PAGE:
From the two examples I have seen, what I have observed is that these women are narcissists who thrive on drama. If there aren't problems, they will create them. They love to put on a public face of being "independent" and "strong single moms" but then they turn around and tell their exes they need money from them. They then use that money to act like they are single-handedly taking care of their children, all the while ignoring his requests for more time with the children.
One person that is going through this explained it best: "She is bitter and upset because he moved on and is truly happy now. She can't bear the thought of him being happy with someone else, so she will use their child as a means to cause distress for him." As a mother, I simply cannot stomach the idea that a woman would use a child as leverage -- yet I know it happens all the time. From trapping a man in a relationship with a pregnancy to trapping him into thinking he can't leave a controlling, emotionally abusive woman because of a child, women use their children as pawns in petty wars against their exes. It's sickening for sure.
What is also sickening is the way the legal system shows preferential treatment to mothers. Perhaps this is because of the deadbeat dads out there who aren't involved in their children's lives. Let me be clear -- I think it is important to help mothers out when a man neglects his responsibility as a father. Nevertheless, it makes things a lot harder for those dads who do want to be involved in the lives of their children. A woman can make a completely unsubstantiated claim about a man, and law enforcement is more likely to believe it and side with her. A man must fight twice as hard for the right to be a father -- all while society complains that he's not doing enough to be a father.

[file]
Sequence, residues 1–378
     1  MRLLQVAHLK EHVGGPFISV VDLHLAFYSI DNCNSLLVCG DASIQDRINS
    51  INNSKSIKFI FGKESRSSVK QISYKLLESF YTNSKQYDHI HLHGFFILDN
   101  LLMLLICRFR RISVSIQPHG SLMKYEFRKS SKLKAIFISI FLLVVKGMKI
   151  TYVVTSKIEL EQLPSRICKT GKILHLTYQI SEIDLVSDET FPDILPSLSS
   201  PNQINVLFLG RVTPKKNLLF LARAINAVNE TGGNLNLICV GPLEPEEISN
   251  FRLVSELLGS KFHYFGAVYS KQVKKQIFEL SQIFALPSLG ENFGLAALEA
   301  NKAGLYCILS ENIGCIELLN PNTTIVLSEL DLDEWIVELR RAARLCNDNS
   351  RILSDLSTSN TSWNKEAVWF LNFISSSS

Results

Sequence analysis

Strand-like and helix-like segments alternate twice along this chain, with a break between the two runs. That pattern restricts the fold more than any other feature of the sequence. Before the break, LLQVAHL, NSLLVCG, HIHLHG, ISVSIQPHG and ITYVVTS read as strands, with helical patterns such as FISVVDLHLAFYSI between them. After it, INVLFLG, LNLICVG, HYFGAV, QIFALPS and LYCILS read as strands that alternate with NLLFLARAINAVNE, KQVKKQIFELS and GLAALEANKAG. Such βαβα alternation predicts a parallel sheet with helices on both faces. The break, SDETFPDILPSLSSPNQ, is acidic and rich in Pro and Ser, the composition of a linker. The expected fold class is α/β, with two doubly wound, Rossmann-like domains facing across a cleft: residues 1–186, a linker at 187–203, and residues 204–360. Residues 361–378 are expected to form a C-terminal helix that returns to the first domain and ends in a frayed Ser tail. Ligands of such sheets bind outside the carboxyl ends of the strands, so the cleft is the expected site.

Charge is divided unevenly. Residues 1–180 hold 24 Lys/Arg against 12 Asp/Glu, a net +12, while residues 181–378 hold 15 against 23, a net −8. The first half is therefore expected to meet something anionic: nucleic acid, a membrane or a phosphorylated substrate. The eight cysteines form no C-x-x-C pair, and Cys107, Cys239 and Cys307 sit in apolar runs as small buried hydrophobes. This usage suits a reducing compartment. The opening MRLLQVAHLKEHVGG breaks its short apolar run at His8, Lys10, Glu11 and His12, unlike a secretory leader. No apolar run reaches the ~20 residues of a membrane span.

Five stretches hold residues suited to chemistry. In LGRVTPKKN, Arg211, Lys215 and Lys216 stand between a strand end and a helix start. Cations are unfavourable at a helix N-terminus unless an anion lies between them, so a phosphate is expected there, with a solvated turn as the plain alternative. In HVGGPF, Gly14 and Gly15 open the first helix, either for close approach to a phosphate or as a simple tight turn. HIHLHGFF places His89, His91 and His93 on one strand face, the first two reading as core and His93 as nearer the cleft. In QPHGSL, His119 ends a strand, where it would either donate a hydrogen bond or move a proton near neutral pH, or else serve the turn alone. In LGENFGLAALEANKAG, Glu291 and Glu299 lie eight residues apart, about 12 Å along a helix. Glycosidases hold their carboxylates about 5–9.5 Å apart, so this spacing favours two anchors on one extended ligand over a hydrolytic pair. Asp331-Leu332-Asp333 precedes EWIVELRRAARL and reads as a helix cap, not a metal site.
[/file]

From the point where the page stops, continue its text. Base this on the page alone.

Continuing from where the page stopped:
Naturally, I try to make sense of these women. How can they bash these men for not being involved, as the men are actively seeking to be involved? I have always been fascinated with psychology and human behavior. What is it that makes people tick, to act as they do? Can it be traced to some event in their childhood? Can it be the result of their upbringing in general? Is it a genetic disposition? Perhaps the answer lies somewhere in the middle, in the many shades of gray that make up each of our stories.
And instead of rain, I hear the pitter-patter of little feet, so I suppose these problems must wait for another day.